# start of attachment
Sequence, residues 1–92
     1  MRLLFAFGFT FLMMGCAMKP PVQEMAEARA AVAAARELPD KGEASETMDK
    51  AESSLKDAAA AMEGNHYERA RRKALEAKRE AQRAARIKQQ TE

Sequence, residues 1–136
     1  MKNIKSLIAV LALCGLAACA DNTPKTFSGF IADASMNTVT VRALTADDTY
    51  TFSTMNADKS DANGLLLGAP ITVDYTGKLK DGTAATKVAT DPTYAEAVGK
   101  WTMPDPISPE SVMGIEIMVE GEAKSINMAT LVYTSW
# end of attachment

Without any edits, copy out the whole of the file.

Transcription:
Sequence, residues 1–92
     1  MRLLFAFGFT FLMMGCAMKP PVQEMAEARA AVAAARELPD KGEASETMDK
    51  AESSLKDAAA AMEGNHYERA RRKALEAKRE AQRAARIKQQ TE

Sequence, residues 1–136
     1  MKNIKSLIAV LALCGLAACA DNTPKTFSGF IADASMNTVT VRALTADDTY
    51  TFSTMNADKS DANGLLLGAP ITVDYTGKLK DGTAATKVAT DPTYAEAVGK
   101  WTMPDPISPE SVMGIEIMVE GEAKSINMAT LVYTSW